Destroy the world : Sandbox

how to make money without a job at 14

datatime: 2022-09-27 09:45:22 Author:ZUDTfDZS

But naught, however, remained to signal that either Jim Pooley or John Omally had ever been there, naught but for two half-consumed pints of Large going warm upon the table and a saloon-bar door which swung quietly to and fro upon its hinge.

Up at the bar Norman, who had quietly been reading a copy of the Brentford Mercury, said suddenly, 'Now there's a thing.'

Omally was not listening, he was peeling a potato. Before him a monstrous heap of such peelings spoke most fluently of the restricted diet upon which the two were at present subsisting. 'It is spud for breakfast,' said he.

The words were drowned by the scream of a police-car siren. Driven at high speed, the car came through the red lights at the bottom of Haling Road, roared past them and screeched to a standstill a hundred yards further on, outside the Flying Swan. A plainclothes detective and three burly constables leapt from the vehicle and swept into the saloon bar.

'I mean we might tell the police about what we saw; it might start an investigation into what is going on in the Mission.'

The two men did not wait to see what might happen. They looked at each other, dropped the newspaper and fled.

The two men did not wait to see what might happen. They looked at each other, dropped the newspaper and fled.

'Is that it?' Omally asked.

Norman's shop was closed for the half day and a few copies of the midweek Mercury still remained in the wire rack to the front door. Jim took one of these and rattled the letterbox in a perfect impression of a man dropping pennies into it. He and Omally thumbed through the pages.

'Here it is,' said Jim, '"Wheelbarrow Clue in Double Slaying. Chiswick Police leading an investigation into the matter of the two bodies found on the foreshore upon the fall of the Thames last week believe that they now have a lead regarding the owner of the wheelbarrow discovered at the scene of the crime. Detective Inspector Cyril Barker said in an exclusive interview with the Brentford Mercury that he expected to make an early arrest".'

Omally awoke with a start, something was pressing firmly into his throat and stopping his breath. 'Ow, ooh, get off, get off.' These imprecations were directed towards Jim Pooley, whose oversized boot had come snugly to rest beneath Omally's chin. 'Will you get off I say?'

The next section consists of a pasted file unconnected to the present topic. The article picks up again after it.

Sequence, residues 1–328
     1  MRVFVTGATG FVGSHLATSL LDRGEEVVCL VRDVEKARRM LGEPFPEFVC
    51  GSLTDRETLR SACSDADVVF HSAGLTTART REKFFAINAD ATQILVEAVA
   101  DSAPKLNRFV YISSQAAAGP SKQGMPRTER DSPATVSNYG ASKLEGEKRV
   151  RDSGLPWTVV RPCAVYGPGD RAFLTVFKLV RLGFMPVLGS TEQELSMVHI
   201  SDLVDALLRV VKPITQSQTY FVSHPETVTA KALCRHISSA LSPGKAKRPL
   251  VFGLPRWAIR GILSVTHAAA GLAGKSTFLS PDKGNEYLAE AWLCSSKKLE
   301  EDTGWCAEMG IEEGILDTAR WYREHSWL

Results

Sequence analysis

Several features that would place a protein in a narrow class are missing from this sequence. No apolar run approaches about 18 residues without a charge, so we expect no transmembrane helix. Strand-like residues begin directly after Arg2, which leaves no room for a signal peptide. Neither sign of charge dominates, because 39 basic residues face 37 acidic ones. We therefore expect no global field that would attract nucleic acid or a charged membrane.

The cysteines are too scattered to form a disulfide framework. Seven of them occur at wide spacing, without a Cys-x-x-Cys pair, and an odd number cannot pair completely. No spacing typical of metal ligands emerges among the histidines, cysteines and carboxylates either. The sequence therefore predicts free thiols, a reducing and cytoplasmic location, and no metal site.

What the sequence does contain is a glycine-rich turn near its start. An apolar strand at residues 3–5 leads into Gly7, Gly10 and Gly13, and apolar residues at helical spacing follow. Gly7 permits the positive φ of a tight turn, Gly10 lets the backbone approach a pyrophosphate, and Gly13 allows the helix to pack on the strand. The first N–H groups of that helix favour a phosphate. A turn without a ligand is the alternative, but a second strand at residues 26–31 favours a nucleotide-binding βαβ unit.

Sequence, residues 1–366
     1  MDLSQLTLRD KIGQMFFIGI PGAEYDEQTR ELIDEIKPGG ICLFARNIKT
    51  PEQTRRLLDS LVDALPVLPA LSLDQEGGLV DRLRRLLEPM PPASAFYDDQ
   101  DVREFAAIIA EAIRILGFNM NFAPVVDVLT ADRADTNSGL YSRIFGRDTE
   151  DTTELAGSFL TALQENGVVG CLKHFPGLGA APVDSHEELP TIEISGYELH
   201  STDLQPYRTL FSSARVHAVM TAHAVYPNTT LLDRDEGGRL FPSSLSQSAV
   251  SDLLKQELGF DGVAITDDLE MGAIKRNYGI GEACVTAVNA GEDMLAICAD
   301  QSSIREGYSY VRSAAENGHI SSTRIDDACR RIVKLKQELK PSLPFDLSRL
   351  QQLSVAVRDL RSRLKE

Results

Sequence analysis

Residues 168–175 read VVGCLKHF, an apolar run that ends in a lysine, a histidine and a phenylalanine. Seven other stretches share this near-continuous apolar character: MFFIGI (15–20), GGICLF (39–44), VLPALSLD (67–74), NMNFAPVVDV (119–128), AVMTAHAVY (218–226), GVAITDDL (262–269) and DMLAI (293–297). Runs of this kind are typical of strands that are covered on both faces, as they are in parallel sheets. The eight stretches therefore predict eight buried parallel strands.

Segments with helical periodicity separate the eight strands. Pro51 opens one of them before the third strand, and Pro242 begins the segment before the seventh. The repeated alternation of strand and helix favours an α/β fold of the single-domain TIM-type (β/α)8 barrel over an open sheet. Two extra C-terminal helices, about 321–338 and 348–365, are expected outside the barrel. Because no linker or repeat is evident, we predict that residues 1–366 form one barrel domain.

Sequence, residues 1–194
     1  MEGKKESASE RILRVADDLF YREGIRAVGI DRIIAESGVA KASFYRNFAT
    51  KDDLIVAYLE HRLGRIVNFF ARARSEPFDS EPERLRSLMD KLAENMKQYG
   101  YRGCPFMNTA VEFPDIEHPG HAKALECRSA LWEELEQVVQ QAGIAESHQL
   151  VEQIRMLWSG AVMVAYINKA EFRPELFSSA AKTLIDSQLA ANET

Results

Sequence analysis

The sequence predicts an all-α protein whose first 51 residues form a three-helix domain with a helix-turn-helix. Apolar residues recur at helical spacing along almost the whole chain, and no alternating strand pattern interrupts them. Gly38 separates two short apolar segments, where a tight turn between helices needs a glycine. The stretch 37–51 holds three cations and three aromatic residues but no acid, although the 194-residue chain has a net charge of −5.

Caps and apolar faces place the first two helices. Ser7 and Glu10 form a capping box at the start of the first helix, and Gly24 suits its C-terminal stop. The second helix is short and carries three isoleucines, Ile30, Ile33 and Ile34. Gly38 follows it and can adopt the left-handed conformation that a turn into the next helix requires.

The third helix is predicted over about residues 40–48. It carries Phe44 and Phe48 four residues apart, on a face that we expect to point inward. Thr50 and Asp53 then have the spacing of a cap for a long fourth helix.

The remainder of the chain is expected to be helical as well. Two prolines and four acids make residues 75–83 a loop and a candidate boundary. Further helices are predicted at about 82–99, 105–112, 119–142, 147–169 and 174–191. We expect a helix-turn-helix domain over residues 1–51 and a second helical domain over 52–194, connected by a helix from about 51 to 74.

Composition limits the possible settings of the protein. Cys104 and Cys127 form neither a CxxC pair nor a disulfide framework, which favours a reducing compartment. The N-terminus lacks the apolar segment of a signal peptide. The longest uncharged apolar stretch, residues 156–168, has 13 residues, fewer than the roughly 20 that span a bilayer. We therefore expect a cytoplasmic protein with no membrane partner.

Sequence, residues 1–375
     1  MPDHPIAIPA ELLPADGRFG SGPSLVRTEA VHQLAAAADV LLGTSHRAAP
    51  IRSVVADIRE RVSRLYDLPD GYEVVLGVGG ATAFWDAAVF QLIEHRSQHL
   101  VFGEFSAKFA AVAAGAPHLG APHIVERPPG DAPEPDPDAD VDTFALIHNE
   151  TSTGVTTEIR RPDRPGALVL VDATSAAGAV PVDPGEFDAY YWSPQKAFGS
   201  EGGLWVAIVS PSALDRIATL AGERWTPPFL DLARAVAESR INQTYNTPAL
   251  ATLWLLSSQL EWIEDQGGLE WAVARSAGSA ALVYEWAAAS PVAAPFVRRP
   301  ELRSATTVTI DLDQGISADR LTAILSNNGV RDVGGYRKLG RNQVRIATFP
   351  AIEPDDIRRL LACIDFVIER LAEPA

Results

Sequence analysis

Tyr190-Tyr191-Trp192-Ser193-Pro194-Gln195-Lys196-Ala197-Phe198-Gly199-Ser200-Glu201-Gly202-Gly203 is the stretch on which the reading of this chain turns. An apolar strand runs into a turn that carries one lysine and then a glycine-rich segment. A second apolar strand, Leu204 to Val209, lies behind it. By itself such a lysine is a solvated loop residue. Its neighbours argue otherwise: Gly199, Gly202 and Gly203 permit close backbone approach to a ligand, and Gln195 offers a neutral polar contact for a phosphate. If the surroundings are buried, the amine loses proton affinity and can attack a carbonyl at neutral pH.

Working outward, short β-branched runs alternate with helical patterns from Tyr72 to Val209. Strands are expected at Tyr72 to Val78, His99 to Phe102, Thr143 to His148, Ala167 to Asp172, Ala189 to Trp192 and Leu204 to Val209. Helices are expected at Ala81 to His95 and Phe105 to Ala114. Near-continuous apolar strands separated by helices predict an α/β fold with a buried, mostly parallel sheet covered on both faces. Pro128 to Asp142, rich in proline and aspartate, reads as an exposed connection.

'I was just talking about that to Pooley,' said Neville, gesturing towards Jim's table.

The two men did not wait to see what might happen. They looked at each other, dropped the newspaper and fled.

But naught, however, remained to signal that either Jim Pooley or John Omally had ever been there, naught but for two half-consumed pints of Large going warm upon the table and a saloon-bar door which swung quietly to and fro upon its hinge.

'Is that it?' Omally asked.

'I don't think the Professor would appreciate that, it might interfere with his plans. Also the police might claim conspiracy because we didn't come forward earlier.'

Pooley groaned anew. 'I was having such a beautiful dream. I can't go on here,' he moaned, 'I can't live out my days a fugitive in an allotment shed, I wish Archroy had never rebuilt it. You must give yourself up, John, claim diminished responsibility, I will gladly back you up on that.'

'I don't think the Professor would appreciate that, it might interfere with his plans. Also the police might claim conspiracy because we didn't come forward earlier.'

'Where you have been for the last two days, in my bloody allotment shed.'

'What's that,' asked Neville.

Omally awoke with a start, something was pressing firmly into his throat and stopping his breath. 'Ow, ooh, get off, get off.' These imprecations were directed towards Jim Pooley, whose oversized boot had come snugly to rest beneath Omally's chin. 'Will you get off I say?'

'We might simply make a clean breast of it,' said John.

Ornally shook his head. 'Police stations are bad places to break into, this is well known.'

The words were drowned by the scream of a police-car siren. Driven at high speed, the car came through the red lights at the bottom of Haling Road, roared past them and screeched to a standstill a hundred yards further on, outside the Flying Swan. A plainclothes detective and three burly constables leapt from the vehicle and swept into the saloon bar.

But naught, however, remained to signal that either Jim Pooley or John Omally had ever been there, naught but for two half-consumed pints of Large going warm upon the table and a saloon-bar door which swung quietly to and fro upon its hinge.

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